And Rama had for his mother Kausalya, and Bharata had for his mother Kaikeyi, while those scourge of their enemies Lakshmana and Satrughna were the sons of Sumitra. And Janaka was the king of Videha, and Sita was his daughter. And Tashtri himself created her, desiring to make her the beloved wife of Rama. I have now told thee the history of both Rama's and Sita's birth.

And Rama had for his mother Kausalya, and Bharata had for his mother Kaikeyi, while those scourges of their enemies Lakshmana and Satrughna were the sons of Sumitra. And Janaka was the king of Videha, and Sita was his daughter. And Tashtri himself created her, desiring to make her the beloved wife of Rama. I have now told thee the history of both Rama's and Sita's birth.

And having proved his innocence before all the subjects of that realm he set out in the wake of Rama, desiring to bring him back. And placing Kausalya and Sumitra and Kaikeyi in the vehicles at the van of his train, he proceeded with a heavy heart, in company with Satrughna.

And placing Kausalya and Sumitra and Kaikeyi in the vehicles at the van of his train, he proceeded with a heavy heart, in company with Satrughna. And he was accompanied by Vasishtha and Vamadeva, and other Brahmanas by thousands and by the people of the cities and the provinces, desiring to bring back Rama.

He had a son named Dasaratha who was devoted to the study of the Vedas and was ever pure. And Dasaratha had four sons conversant with morality and profit known by the names, respectively, of Rama, Lakshmana, Satrughna, and the mighty Bharata.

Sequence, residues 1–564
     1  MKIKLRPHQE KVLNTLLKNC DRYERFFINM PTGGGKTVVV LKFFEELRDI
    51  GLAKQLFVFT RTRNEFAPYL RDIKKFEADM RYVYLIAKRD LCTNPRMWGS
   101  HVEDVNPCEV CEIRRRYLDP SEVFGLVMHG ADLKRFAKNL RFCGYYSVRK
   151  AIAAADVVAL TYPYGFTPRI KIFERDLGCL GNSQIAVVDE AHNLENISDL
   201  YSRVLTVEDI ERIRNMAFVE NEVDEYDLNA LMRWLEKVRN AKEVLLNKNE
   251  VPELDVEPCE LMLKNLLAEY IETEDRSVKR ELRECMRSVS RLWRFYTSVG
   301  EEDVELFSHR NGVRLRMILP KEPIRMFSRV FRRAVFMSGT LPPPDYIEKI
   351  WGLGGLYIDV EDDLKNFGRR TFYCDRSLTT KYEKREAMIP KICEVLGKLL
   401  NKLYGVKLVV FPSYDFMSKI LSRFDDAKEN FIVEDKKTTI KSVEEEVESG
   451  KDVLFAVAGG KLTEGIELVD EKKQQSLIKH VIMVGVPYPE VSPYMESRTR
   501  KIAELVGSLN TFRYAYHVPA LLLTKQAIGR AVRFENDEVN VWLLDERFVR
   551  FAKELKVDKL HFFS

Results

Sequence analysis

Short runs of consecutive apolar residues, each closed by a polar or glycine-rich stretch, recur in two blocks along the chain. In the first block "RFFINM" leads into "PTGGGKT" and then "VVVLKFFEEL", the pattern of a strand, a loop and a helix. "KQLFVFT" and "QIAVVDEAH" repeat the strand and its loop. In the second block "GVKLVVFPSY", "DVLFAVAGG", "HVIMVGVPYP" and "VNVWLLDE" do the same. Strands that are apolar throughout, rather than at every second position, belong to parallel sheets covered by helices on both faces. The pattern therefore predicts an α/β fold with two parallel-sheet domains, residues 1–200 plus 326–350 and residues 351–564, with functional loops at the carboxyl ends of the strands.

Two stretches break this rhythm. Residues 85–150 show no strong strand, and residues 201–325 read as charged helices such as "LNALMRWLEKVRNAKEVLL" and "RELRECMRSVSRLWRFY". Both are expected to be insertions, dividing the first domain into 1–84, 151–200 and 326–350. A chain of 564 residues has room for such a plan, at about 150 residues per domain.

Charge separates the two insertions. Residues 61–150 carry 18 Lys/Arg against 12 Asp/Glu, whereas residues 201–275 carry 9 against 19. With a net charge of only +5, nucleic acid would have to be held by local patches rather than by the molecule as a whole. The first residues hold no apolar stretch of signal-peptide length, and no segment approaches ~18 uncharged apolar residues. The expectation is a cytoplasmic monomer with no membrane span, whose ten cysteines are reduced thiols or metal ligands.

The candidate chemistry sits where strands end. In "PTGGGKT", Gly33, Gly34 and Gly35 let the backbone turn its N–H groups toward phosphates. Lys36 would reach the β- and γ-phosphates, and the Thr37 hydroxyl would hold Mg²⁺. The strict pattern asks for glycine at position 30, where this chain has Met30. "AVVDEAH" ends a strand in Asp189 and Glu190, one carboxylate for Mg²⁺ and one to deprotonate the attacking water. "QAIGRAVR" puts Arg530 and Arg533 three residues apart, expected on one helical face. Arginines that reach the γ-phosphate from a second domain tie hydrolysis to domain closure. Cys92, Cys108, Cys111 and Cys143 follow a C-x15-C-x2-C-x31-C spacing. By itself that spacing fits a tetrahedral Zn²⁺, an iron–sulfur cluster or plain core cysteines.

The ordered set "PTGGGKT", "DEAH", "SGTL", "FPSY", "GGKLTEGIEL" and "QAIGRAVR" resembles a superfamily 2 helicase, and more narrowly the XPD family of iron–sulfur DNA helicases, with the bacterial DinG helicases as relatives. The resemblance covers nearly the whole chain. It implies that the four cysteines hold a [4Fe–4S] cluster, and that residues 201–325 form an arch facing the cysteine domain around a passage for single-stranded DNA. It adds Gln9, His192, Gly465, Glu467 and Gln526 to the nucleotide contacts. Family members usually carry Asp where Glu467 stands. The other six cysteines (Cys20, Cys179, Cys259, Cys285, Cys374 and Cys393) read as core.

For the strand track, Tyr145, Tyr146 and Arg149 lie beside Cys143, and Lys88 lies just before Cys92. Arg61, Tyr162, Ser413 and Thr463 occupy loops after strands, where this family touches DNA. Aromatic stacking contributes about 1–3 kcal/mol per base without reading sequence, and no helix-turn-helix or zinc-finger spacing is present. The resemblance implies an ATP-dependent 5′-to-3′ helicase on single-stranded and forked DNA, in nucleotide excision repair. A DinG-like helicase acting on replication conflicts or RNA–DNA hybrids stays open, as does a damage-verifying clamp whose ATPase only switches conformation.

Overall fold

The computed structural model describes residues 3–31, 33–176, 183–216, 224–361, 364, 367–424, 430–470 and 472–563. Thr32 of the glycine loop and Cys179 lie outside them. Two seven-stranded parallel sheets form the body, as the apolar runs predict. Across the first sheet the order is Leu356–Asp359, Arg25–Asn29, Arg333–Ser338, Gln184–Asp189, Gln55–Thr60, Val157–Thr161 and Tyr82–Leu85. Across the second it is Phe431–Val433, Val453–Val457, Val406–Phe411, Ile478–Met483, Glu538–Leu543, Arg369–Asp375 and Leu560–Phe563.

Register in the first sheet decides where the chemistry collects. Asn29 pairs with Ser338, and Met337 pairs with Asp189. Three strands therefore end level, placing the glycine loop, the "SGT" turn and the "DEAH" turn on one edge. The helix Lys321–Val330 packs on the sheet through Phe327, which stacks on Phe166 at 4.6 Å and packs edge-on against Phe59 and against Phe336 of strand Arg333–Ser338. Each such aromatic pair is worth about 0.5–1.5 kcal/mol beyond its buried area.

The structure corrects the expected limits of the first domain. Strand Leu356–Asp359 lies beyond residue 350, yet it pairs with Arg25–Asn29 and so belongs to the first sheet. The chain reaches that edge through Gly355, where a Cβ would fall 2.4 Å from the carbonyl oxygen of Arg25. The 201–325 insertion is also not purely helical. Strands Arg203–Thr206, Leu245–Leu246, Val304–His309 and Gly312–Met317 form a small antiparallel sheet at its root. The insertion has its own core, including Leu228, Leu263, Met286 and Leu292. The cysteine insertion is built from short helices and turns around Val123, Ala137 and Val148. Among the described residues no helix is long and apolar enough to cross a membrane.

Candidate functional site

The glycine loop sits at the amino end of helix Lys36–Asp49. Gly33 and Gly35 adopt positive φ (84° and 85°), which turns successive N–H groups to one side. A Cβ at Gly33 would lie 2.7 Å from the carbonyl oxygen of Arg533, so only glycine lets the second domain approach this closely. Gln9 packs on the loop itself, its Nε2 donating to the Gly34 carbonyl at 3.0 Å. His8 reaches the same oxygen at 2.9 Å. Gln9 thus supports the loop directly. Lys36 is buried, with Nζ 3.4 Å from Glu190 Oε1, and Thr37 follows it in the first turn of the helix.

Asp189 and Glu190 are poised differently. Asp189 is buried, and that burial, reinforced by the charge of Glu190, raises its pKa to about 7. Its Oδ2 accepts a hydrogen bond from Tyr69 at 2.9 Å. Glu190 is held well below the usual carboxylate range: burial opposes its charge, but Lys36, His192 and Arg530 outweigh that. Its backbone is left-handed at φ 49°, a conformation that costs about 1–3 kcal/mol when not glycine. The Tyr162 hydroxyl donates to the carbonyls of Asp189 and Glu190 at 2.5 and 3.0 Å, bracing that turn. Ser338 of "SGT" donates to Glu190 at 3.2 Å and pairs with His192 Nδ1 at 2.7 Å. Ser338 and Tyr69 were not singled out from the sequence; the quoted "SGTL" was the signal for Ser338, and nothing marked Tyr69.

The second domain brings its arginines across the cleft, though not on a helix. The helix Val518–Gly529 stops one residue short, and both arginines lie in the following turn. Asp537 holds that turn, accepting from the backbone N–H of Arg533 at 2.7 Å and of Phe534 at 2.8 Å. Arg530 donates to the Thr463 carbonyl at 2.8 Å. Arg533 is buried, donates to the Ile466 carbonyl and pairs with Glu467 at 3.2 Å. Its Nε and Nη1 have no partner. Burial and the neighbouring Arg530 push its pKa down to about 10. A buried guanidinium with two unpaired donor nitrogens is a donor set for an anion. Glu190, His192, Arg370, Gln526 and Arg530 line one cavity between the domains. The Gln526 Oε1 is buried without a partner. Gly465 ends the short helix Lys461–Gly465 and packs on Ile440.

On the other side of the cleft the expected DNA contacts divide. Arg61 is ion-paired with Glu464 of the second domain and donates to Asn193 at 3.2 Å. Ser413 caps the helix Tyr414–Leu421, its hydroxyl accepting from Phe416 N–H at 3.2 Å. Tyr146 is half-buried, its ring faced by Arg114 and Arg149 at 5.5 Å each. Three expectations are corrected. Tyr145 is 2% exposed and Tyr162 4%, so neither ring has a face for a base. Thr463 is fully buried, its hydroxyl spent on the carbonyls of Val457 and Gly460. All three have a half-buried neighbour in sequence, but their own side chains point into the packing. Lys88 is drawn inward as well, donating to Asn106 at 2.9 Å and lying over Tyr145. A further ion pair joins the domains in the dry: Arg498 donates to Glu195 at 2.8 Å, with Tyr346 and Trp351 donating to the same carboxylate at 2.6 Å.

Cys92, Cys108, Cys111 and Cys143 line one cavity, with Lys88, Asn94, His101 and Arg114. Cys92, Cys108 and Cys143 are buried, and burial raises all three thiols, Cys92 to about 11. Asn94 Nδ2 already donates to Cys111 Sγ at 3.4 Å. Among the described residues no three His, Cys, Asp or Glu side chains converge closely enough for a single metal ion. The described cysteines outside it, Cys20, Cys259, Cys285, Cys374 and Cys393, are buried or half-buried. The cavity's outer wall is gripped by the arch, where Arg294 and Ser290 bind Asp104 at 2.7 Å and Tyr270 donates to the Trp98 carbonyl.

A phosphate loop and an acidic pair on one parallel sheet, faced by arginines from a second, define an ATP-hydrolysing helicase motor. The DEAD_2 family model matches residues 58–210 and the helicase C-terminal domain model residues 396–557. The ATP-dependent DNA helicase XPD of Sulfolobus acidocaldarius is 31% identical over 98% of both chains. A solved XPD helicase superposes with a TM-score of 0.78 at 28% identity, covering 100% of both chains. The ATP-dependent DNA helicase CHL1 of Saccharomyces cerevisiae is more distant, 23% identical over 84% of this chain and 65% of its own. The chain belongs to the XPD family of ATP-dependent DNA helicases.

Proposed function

Then he takes up her feet and cries when the announcement of the arrival of frightened Rishis makes him go out to send Satrughna to their succour. The messenger Durmukha then enters and takes Sita unsuspectingly to mount the chariot which is to lead her to exile. Lakshmana takes Sita to the forest and leaves her there. She is protected by divine agencies.

They then rise and travel through the upper air, approaching near the sun, and are met and eulogized by a Kinnara and his bride; they then come to the peaks of the Himalaya, and descend upon Tapavana, whence they go towards Ayodhya, where Rama is welcomed by his brothers Bharata and Satrughna, their mothers, Vasistha and Viswamitra. The four brothers embrace one another.

Rama snaps it asunder, in consequence of which feat it is agreed that Sita shall be wedded to him; Urmila her sister, to Lakshmana; and Mandavi and Srutakirti, the daughters of Kusadhwaja, to Bharata and Satrughna respectively. The party is again disturbed by Suvahu and Maricha, the first of whom is killed and the second, thrown at a distance by Rama.

They then proceed westward to Prayaga, and Antarvedi or Doab, when they again follow an easterly course and arrive at Ayodhya. Bharata, Satrughna, Vasishtha the priest and the people of Ayodhya await the arrival of the party and receive them most cordially. Rama is now crowned king.

He had a son named Dasaratha who was devoted to the study of the Vedas and was ever pure. And Dasaratha had four sons conversant with morality and profit known by the names, respectively, of Rama, Lakshmana, Satrughna, and the mighty Bharata.